Source: ICE Data Indices, LLC. Yield spreads represented by the ICE BofA U.S. High Yield Constrained Index. Past Performance is not a reliable indicator or guarantee of future results. It is important to note that the high-yield market may not perform in a similar manner under similar conditions in the future. The historical data shown in the chart above are for illustrative purposes only and do not represent any specific portfolio managed by Lord Abbett or any particular investment. Indexes are unmanaged, do not reflect the deduction of fees or expenses, and are not available for direct investment. Bps represents a basis point. One basis point equals 0.01%.
As for specific sectors within high yield, we’ve been looking at the market in three distinct segments, according to different levels of reopening within the United States economy. Phase one, for example, consists of what we call high quality secular winners, such as cable, wireless, technology and health care. These are the companies that benefited from a transition to working remotely, and which we believe have defensive characteristics to withstand market headwinds. Phase two encompasses what we classify as the “soft reopen” sectors, a handful of cyclicals that we think are turning into secular growth stories. We see two important trends at work: families desiring to leave crowded urban areas for suburbs, and commuters wishing to avoid public transit when returning to the office. Thus, we’re seeing a V-shaped recovery in home builders and automotive firms, and think this could be a multi-year trend. Phase three is where we place COVID-impacted sectors, such as airlines, cruises, gaming and lodging. In airlines and lodging especially, we’re seeing a greater negative impact as COVID cases increase. And for now, our positioning remains generally more defensive there.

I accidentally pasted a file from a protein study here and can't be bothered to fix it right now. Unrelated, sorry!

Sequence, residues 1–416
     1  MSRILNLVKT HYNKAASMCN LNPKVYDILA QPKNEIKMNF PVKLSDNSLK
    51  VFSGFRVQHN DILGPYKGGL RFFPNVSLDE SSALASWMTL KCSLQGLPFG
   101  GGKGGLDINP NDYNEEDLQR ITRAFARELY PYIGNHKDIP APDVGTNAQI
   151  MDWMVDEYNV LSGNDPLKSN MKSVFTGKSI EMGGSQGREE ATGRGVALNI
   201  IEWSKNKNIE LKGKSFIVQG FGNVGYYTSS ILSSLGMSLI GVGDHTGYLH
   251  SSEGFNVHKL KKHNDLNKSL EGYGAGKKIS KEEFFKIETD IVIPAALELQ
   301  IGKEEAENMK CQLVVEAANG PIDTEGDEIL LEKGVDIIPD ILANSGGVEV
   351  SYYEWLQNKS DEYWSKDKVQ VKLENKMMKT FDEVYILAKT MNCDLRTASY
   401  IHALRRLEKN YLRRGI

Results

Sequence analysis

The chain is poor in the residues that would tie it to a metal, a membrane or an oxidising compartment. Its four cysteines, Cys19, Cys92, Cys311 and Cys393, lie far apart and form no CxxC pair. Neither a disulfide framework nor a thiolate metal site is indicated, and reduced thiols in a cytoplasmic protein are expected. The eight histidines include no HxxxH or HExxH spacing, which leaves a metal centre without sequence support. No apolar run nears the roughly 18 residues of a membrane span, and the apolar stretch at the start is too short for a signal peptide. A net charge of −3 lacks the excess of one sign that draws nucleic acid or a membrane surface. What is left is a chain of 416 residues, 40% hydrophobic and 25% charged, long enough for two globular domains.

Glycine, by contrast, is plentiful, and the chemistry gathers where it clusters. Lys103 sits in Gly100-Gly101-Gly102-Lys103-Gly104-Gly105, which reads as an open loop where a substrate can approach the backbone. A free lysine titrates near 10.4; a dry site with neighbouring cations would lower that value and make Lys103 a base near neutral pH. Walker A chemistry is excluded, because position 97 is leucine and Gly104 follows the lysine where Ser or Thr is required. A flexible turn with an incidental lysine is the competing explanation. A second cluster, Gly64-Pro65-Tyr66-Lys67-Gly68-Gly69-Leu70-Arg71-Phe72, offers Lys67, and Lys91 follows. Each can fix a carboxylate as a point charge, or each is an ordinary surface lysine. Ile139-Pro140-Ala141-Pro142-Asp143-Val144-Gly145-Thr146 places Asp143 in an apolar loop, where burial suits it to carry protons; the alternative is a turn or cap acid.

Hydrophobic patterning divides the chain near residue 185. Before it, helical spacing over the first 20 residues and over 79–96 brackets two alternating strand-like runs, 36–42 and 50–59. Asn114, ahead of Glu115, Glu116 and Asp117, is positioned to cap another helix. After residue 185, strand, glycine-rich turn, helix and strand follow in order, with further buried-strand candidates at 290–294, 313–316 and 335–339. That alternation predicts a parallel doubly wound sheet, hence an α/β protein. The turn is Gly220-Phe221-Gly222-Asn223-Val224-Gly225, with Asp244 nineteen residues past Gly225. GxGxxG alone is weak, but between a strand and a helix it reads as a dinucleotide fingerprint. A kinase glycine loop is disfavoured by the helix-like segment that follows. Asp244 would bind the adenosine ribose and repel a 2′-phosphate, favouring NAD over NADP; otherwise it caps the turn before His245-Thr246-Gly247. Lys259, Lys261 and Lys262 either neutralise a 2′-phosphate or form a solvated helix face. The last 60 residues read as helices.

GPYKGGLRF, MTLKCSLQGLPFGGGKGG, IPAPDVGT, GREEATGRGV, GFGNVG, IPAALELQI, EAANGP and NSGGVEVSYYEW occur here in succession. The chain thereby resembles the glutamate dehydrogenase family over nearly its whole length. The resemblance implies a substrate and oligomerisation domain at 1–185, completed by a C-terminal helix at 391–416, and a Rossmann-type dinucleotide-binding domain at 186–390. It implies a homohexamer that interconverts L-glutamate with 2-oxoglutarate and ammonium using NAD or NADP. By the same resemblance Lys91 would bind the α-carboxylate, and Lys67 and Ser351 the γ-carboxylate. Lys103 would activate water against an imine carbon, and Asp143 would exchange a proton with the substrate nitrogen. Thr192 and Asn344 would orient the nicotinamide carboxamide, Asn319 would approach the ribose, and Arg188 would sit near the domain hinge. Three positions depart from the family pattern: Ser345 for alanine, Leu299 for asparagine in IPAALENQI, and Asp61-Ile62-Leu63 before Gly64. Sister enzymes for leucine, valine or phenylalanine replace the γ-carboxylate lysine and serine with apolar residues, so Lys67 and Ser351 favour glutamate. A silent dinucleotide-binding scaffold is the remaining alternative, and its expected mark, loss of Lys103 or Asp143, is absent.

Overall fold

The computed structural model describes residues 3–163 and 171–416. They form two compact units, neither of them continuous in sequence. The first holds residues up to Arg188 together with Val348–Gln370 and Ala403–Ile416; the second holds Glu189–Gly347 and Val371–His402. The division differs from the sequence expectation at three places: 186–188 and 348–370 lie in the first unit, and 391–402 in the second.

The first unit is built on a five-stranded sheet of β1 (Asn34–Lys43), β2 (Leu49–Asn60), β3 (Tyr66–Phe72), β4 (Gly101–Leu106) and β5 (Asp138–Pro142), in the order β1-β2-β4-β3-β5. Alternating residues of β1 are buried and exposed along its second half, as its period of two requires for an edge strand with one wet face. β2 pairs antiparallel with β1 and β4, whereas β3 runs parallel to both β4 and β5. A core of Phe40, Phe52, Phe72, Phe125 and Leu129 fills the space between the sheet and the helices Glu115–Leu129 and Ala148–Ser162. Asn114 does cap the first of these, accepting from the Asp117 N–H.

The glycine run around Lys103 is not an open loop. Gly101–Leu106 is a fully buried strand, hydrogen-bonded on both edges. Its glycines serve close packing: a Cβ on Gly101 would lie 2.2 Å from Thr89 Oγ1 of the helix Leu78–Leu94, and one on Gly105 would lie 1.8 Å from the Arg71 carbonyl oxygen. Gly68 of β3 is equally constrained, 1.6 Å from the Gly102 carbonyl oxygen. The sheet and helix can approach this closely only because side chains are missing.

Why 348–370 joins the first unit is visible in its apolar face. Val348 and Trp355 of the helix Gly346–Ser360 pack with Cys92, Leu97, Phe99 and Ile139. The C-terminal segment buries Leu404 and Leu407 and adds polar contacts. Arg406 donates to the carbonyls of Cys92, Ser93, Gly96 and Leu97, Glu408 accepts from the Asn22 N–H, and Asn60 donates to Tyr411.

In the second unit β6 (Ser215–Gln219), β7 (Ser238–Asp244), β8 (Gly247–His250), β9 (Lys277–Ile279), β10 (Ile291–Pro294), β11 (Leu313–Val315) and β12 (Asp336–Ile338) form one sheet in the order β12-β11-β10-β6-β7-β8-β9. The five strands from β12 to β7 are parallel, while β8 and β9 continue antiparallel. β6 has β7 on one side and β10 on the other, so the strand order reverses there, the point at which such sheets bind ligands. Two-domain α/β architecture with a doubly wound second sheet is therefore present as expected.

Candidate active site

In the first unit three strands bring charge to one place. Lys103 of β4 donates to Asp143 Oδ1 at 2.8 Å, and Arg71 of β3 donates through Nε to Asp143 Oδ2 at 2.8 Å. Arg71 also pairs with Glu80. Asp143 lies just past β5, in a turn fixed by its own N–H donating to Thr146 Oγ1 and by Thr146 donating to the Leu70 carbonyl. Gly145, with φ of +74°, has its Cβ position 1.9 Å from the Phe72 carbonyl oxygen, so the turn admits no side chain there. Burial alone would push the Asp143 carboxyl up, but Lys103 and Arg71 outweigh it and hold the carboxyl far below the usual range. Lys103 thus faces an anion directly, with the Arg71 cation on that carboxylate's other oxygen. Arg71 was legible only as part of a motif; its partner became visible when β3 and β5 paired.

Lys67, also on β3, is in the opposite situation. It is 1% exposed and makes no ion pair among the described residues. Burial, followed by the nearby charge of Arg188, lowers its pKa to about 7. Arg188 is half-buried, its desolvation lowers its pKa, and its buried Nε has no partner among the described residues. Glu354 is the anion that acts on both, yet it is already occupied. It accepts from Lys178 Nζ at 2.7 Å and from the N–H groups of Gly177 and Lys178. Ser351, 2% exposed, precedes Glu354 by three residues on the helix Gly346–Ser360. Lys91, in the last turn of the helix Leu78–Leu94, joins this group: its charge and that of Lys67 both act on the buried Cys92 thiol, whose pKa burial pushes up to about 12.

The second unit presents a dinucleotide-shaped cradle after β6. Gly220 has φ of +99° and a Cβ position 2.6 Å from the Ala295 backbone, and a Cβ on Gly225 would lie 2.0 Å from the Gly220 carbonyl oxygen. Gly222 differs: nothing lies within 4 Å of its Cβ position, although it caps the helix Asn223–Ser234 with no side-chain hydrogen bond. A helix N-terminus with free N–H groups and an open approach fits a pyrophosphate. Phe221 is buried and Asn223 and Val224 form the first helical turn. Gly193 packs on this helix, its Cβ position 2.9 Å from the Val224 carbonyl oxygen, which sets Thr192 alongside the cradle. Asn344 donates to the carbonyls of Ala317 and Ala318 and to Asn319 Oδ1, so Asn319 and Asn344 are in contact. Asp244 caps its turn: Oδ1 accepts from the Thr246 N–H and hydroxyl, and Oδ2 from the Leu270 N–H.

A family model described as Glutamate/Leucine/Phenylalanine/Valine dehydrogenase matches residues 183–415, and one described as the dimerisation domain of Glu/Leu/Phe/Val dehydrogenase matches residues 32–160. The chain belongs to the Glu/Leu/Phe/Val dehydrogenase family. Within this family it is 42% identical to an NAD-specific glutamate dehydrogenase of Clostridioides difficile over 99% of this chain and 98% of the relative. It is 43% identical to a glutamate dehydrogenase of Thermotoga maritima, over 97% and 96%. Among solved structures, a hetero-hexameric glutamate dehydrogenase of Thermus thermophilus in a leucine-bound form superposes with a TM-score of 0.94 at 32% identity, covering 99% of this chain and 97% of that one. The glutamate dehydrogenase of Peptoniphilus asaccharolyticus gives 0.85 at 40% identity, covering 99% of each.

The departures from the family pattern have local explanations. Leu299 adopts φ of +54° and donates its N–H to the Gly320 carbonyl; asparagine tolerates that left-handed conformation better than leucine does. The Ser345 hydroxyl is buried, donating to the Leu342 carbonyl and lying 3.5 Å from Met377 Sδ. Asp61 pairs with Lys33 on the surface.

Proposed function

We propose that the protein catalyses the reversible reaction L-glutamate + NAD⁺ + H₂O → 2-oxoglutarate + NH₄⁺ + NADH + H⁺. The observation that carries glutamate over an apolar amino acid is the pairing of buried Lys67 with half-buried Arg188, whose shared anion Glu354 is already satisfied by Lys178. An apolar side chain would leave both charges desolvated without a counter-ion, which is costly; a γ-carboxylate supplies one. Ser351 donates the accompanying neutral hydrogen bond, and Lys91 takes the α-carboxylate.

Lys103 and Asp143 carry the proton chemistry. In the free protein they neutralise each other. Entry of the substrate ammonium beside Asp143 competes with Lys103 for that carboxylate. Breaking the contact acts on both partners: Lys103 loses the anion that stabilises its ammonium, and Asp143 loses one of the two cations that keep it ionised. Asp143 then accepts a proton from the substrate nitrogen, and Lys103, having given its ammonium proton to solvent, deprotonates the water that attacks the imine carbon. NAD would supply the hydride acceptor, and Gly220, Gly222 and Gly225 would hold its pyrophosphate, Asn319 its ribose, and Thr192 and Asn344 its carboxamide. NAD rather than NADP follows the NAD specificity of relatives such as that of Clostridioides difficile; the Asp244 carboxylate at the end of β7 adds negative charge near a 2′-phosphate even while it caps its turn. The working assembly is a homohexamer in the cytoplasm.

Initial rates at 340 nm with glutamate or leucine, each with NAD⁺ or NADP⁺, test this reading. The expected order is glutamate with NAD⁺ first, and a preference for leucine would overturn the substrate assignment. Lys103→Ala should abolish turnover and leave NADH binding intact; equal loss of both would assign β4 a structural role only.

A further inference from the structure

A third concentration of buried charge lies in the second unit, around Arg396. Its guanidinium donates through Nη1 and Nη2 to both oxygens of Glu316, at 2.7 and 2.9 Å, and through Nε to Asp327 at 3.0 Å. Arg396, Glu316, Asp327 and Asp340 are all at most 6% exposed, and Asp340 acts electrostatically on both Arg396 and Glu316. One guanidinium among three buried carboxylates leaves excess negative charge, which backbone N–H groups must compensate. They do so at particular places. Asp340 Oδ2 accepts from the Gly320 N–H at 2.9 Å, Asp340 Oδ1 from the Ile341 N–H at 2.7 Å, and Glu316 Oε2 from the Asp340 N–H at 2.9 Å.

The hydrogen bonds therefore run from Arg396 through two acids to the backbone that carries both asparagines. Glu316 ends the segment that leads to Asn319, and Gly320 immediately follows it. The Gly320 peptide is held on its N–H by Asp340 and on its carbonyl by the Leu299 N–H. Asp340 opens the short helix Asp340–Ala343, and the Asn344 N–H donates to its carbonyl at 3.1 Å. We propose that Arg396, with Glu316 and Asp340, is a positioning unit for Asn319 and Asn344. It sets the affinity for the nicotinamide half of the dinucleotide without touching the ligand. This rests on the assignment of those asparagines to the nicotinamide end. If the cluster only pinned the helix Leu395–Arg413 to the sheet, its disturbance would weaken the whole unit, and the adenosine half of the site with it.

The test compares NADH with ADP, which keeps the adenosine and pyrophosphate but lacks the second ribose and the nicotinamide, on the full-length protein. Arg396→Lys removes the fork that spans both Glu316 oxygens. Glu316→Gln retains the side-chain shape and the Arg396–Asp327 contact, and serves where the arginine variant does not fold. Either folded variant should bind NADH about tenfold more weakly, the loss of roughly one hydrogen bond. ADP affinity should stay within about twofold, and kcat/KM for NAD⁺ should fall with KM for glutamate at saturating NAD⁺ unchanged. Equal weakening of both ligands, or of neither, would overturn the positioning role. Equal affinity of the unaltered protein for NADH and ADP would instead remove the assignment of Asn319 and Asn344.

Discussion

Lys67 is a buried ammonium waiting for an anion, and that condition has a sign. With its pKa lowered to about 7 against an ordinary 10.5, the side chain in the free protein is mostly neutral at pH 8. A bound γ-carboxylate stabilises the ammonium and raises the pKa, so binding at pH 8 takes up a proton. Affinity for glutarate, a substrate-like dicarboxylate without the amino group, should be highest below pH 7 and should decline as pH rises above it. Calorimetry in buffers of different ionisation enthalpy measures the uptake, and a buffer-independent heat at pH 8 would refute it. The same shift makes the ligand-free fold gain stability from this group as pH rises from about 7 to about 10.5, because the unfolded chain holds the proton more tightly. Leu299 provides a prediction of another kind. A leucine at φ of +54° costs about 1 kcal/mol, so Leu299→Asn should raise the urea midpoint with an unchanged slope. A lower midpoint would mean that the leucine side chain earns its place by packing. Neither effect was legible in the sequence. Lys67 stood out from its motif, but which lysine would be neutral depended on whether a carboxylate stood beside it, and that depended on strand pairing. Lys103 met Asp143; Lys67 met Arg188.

Default Rates and the Outlook for U.S. High Yield
When considering high yield defaults, we believe we won’t see default rates reach the levels we saw during the global financial crisis. The Fed’s monetary and fiscal support directly benefit high yield, in our view. Access to capital markets and record issuance also contribute to this generally positive outlook, as does the growing representation of BB-rated bonds and shrinking share of CCC-rated bonds in the U.S. high yield space. Finally, we encourage investors to take a less tactical approach to high yield and focus more on strategic positioning within the asset class – as always, ‘time in the market’ overrides ‘timing the market’.
The views and opinions expressed are as of the date of publication, are subject to change based on subsequent developments, and may not reflect the views of the firm as a whole. The material is not intended to be relied upon as a forecast, research, or investment advice, is not a recommendation or offer to buy or sell any securities or to adopt any investment strategy, and is not intended to predict or depict the performance of any investment. Listeners should not assume that investments in companies, securities, sectors, and/or markets described were or will be profitable. Investing involves risk, including possible loss of principal.
Statements concerning financial market trends are based on current market conditions, which will fluctuate. There is no guarantee that markets will perform in a similar manner under similar conditions in the future.
Forecasts and projections are based on current market conditions and are subject to change without notice. Projections should not be considered a guarantee.
A Few Words About Risk